What is a “Kennel” ?

by Naomi Kane


The “Educational Book of Essential Knowledge” defines “kennel” as “A shelter for dogs; a dog house; a place where dogs are bred…”   A kennel can be a huge operation with multiple dog runs, grooming rooms and training hall or it can be the house that has a whelping area and nursery next to the sewing machine in the spare bedroom.


Most of the breeders who have kennel names registered with the Canadian Kennel Club are somewhere in the spare-bedroom category.  We probably have a “dog room” somewhere in the house and a separate whelping and puppy room.  Our bathrooms have extra long shower hoses or we have an extra tub in the basement, just for dogs.  We have anywhere from three to ten dogs and most of them sleep on the couch or the bed.  If we are really organized we have our grooming tables in a finished garage or basement and if we aren’t the grooming table is in the living room doing double duty when not in use as a place to put leashes and show schedules.  In other words we live with our dogs they are integrated into our homes as part of our family. 

When we whelp a litter the puppies grow up in the house where they are exposed to all the normal noises and routines of living with people.  The puppies that we breed grow up in the kind of environment that they are going to spend their lives in; living in a house with a family.  The “kennel” is more in the name and the line of dogs that a breeder has produced.  Small kennels have produced generations of quality dogs that shine in the ring, the field or the family room. 


Most municipalities have kennel-licence laws that refer to the large professional kennels and otherwise limit the number of dogs to two or three, even on country acreage.  Licensed kennels typically require the kennel building to be separate from your house.  Right there most small breeders are shaking their heads.  Why should dogs have to live in a separate building just because they might have a litter of puppies? 

Kennel buildings have to be a set distance away from any neighbouring houses.  Good idea for a sled dog touring business but neighbourhoods have many houses with two or three dogs and they don’t have to be five hundred feet from another house. 

Municipalities also have industrial requirements for runs and drains and fencing etc. – All of which are necessary if you are planning on running a boarding kennel, or you have fifty dogs.  For most breeders, it is prohibitively expensive and ridiculous overkill for the number of dogs and litters they have.  To comply with these licenses, a breeder would have to be independently wealthy or become a puppy farm to make ends meet.  Many municipalities won’t even contemplate new kennel licences, even if breeders where able to comply with the requirements. 


Some lucky breeders have existing kennel licences or have been able to buy a property with a licence.  They can board dogs and house their own dogs as well.   

By-laws are meant to keep things from getting out of control and are often enforced only if there is a complaint.  This puts many breeders in the uncomfortable position of flying under the radar and trying to quietly have an extra dog or two in the house and breed the occasional litter.  Many breeders would like to be able to advertise and market and speak up about issues but they are stopped by the knowledge that if they do speak up and draw attention to themselves one complaint could mean losing their beloved dogs.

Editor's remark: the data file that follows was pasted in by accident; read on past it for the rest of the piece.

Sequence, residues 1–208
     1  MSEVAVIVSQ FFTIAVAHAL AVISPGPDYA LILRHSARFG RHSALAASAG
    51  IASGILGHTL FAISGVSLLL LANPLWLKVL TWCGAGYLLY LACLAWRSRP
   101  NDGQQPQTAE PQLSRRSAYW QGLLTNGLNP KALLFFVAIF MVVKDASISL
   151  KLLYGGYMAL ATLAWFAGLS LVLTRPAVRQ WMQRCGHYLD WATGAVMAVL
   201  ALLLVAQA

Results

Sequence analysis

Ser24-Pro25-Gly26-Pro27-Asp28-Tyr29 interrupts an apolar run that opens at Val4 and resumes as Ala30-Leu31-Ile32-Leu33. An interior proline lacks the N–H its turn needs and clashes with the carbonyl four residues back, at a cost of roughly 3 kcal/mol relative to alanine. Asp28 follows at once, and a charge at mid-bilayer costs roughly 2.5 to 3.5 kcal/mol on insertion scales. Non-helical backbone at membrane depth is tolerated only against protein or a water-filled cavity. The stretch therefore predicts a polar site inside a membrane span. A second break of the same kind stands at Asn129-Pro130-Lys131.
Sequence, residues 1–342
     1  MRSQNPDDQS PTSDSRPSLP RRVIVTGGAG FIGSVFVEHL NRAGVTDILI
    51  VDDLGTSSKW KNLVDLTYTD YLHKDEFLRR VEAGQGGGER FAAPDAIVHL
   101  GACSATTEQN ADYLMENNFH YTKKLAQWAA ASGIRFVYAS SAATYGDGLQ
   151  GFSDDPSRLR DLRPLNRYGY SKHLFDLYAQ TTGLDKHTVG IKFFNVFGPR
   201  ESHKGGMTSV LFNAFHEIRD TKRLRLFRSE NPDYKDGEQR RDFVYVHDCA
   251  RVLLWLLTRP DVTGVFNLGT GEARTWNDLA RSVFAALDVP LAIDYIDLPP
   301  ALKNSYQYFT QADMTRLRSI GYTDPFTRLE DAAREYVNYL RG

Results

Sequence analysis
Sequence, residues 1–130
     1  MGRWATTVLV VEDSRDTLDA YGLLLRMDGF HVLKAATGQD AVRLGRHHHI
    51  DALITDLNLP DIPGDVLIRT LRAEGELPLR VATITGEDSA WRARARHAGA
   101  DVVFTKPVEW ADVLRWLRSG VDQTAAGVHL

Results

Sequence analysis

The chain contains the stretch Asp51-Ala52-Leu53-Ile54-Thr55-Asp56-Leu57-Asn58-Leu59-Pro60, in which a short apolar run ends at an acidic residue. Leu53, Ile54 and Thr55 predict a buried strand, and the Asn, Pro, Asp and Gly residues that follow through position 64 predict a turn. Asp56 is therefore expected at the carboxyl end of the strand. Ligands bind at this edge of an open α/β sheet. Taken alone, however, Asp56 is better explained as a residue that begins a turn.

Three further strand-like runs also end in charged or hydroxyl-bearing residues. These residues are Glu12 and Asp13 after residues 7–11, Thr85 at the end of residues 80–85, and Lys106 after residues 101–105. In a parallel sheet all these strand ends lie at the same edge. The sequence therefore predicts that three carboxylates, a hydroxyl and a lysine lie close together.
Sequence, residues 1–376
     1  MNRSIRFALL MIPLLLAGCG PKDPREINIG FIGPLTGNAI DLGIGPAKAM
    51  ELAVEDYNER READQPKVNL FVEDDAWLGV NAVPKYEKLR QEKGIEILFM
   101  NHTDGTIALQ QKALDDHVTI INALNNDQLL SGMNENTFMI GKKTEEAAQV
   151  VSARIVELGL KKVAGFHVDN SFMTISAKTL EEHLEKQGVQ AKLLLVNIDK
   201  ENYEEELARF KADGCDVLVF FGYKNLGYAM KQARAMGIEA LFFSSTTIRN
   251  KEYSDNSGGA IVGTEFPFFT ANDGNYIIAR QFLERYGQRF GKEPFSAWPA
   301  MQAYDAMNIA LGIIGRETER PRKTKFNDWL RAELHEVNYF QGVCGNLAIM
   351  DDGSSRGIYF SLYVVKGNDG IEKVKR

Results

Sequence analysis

There are towns where these restrictions do not apply but, much as we would like to, we cannot all pick up and move to those areas.


Town Councils seem to have a difficult time understanding and regulating dogs.  Dog issues tend to get extreme opinions on all sides of the issue and the politicians are politicians, not dog breeders, so they don’t really understand what they are regulating.  Mention “dog breeding” or “kennel” and people go off the deep end imagining dogs barking endlessly or somehow being abused.  Everybody likes the idea of being able to buy a puppy from a “responsible breeder” but nobody wants a “kennel” next door.  Nobody would want a noisy smelly animal abusing neighbourhood eyesore and nobody wants to live right next door to even a well-run boarding kennel, since dogs do bark.  A small well-run, well-kept breeding or hobby “kennel” is probably already in your neighbourhood and isn’t bothering anybody.


In the old days, huge breeding kennels where the norm.  Wealthy dog fanciers had kennel help and bred dogs on a large scale.  This is the definition of kennel that seems to be stuck in the brains of politicians.  Today most responsible dog breeders are not wealthy socialites they are hard working folks who breed a litter when they have a waiting list, like an artist producing a piece on commission.  It is time for dog breeders to start negotiating for realistic kennel by-laws that are fair and make sense in today’s world.  

Perhaps a letter or online petition to the CKC Directors and politicians might be in order?


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